Chicco KeyFit 30
Chicco KeyFit 30

Best infant car seat

Experts say proper installation is the key to car-seat safety, and the Chicco KeyFit 30 is one of the easiest infant car seats on the market to install. It also excels in everyday use with a smooth-adjusting harness and the ability to accommodate even preemies. Paired with a Chicco stroller, it's a top-rated travel system as well.
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Safety 1st OnBoard 35 Air
Safety 1st OnBoard 35 Air

Best infant car seat for bigger babies

The Safety 1st OnBoard 35 Air gets top marks from experts for its high-end safety features, including its proprietary "air protect" side impact protection. It has a high, 35 pound weight capacity and extra legroom for taller babies, but it's also a great, snug fit for even the smallest newborns, making it a seat that will go the distance.
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BabyTrend Flex-Loc
BabyTrend Flex-Loc

Best infant car seat under $100

With top safety ratings and compatible with a number of highly-rated Baby Trend strollers, the Baby Trend Flex-Loc is easy to install and use. It has a level indicator and adjustable base to ensure proper positioning, and the no-rethread harness is much appreciated by parents of growing babies.
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Infant car seats keep small babies safe with a few added conveniences

Infant car seats are the first in a long line of car seats designed to keep children safe on the road. Designed solely for rear-facing use, infant car seats often have deep shells and ample padding to better protect and cushion small babies. They also have five-point harnesses with chest chips to keep children secure, and like most car seats, they allow for both LATCH and seat-belt installation.

Infant car seats are designed for use outside of the car, too. Unlike convertible car seats and boosters, which stay put in the car, infant car seats are lightweight and portable. Parents can detach the seat from a base they leave in their vehicle and carry it using the attached handle -- convenient for allowing a sleeping baby to continue napping. Infant car seats also have canopies to protect babies from strong sunlight, and many are compatible with strollers or stroller frames -- simply attach the car seat with a strap or special click-in adapter, and you're ready to roll.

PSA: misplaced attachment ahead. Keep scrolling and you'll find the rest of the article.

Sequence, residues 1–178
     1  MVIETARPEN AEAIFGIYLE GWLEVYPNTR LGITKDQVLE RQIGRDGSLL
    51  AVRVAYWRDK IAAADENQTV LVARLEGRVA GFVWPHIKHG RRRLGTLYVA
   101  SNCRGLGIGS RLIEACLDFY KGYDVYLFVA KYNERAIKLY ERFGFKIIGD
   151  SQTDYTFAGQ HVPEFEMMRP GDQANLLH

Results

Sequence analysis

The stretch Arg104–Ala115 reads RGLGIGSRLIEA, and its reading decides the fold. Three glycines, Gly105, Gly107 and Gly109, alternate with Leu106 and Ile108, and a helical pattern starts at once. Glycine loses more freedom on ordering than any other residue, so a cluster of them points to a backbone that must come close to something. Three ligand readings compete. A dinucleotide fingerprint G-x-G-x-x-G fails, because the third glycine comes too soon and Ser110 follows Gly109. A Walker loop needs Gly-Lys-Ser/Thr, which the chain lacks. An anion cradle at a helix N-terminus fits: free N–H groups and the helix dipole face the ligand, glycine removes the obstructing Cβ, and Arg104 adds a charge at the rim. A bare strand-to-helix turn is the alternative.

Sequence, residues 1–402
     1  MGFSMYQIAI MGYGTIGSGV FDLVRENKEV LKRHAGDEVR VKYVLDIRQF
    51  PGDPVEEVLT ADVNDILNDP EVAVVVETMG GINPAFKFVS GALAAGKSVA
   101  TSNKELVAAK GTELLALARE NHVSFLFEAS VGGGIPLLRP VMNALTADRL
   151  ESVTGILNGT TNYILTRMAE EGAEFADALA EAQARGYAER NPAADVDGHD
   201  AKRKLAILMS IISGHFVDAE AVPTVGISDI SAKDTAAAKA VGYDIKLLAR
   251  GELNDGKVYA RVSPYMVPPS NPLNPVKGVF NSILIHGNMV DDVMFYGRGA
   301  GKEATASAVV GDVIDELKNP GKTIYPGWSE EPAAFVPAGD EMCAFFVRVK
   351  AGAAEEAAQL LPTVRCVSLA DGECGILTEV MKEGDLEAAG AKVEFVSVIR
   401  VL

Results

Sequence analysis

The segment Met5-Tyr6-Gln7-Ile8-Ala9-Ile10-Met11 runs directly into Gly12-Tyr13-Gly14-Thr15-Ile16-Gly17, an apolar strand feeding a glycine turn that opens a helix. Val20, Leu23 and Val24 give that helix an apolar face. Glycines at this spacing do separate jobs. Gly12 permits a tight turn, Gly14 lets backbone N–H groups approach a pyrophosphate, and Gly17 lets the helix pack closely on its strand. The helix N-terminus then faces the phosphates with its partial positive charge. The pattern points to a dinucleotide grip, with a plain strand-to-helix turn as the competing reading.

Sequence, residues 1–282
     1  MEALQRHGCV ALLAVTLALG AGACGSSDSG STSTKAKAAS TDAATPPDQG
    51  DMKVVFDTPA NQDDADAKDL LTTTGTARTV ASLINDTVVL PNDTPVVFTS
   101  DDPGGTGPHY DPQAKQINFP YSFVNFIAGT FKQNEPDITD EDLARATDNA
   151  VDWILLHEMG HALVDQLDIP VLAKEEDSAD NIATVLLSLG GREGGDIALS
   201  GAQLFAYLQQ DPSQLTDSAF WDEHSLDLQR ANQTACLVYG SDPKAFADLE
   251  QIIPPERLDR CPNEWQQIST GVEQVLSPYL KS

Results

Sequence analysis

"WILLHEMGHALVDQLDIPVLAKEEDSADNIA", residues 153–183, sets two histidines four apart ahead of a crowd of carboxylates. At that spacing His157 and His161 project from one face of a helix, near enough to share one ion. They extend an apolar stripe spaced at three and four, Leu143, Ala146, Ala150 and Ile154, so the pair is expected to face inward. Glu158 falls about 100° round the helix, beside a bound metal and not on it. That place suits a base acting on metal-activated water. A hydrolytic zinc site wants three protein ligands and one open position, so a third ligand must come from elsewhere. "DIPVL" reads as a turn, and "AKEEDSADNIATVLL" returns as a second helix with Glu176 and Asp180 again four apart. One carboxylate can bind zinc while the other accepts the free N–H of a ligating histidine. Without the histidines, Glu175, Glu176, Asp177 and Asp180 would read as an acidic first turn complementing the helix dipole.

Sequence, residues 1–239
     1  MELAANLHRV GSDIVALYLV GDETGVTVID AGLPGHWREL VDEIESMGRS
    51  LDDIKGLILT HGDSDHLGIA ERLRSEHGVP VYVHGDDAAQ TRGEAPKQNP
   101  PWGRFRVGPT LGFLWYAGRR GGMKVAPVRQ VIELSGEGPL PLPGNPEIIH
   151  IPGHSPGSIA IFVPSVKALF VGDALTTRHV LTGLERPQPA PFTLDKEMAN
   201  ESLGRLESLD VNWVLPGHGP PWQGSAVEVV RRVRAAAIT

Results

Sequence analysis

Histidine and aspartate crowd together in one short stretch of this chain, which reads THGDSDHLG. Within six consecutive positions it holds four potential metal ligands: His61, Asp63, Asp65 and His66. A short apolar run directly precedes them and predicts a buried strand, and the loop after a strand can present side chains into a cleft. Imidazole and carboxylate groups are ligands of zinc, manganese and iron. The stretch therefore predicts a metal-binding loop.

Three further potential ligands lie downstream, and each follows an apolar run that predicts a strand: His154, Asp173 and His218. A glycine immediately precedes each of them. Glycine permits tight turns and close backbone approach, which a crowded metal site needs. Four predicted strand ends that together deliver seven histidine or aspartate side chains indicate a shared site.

There are a couple of other things to consider when you're picking an infant car seat: How long you want to keep your baby in the seat and how much you want to spend.

Infant car seats come with a range of height and weight capacities. While some seats allow babies as small as 4 pounds -- an important consideration for parents of premature infants -- most are approved for babies 5 pounds and up. On the upper end, most infant car seats have maximum weight limits of 22, 30 or 35 pounds and height limits from 29 to 32 inches. Higher-capacity seats will have longer lives. Some bigger babies will hit 22 pounds or 29 inches before they're a year old, but very few will hit 35 pounds or 32 inches. That buys parents extra time before they have to think about switching car seats, and it helps ensure babies remain rear-facing. However, some parents say it's a back-breaking task to carry around a bigger baby in an infant car seat, and others say their babies seem uncomfortable in infant car seats as they put on pounds. In both cases, it may make sense for parents to get rid of the infant car seat and start using a rear-facing convertible car seat sooner rather than later. Lower-weight-capacity infant car seats are widely available for under $100, while those with higher weight capacities can approach or top $200, depending on extra features.

Less expensive infant car seats are perfectly safe, but they lack extra frills. It's easy to assume a more expensive infant car seat will be safer than a cheaper model. In reality, every car seat sold in the U.S. has to pass the same federal crash tests -- even those under $100. As discussed above, less expensive seats may have lower height and weight capacities, though some parents don't see this as a con since they may not want to lug around a huge baby in an infant car seat. The seats may also be lightweight compared to more expensive models. Of course, the major downside of less-expensive seats is that they lack "extras," including features that may make installation easier, plusher padding that can keep babies comfier, or harnesses that are a snap to tighten with each use and adjust as babies grow.

Watch for recent recalls. In February 2014, Graco recalled nearly 3.8 million convertible car seats due to an issue with the buckle that makes it difficult to remove a child from the seat, increasing the risk of injury when an emergency exit from the vehicle is required. The recall was initiated at the urging of the National Highway Traffic Safety Administration (NHTSA) following reports from a number of parents. We discuss this specific recall in our section on budget car seats; however, it's worth noting here that you should never buy a used car seat. Buy new and be sure to register it, and you will be notified of any recalls.

The NHTSA has also recommended that Graco recall millions of its infant seats, something that, at the time this report went to press, Graco has declined to do. For some safe alternatives to Graco for older babies, see our report on convertible car seats. If your child is ready to move up to the next level, see our report on booster seats.

ConsumerSearch has analyzed expert and customer reviews to evaluate safety, ease of use, lifestyle factors and customer service for popular infant car seats. The result is our picks for the best infant car seats on the market.

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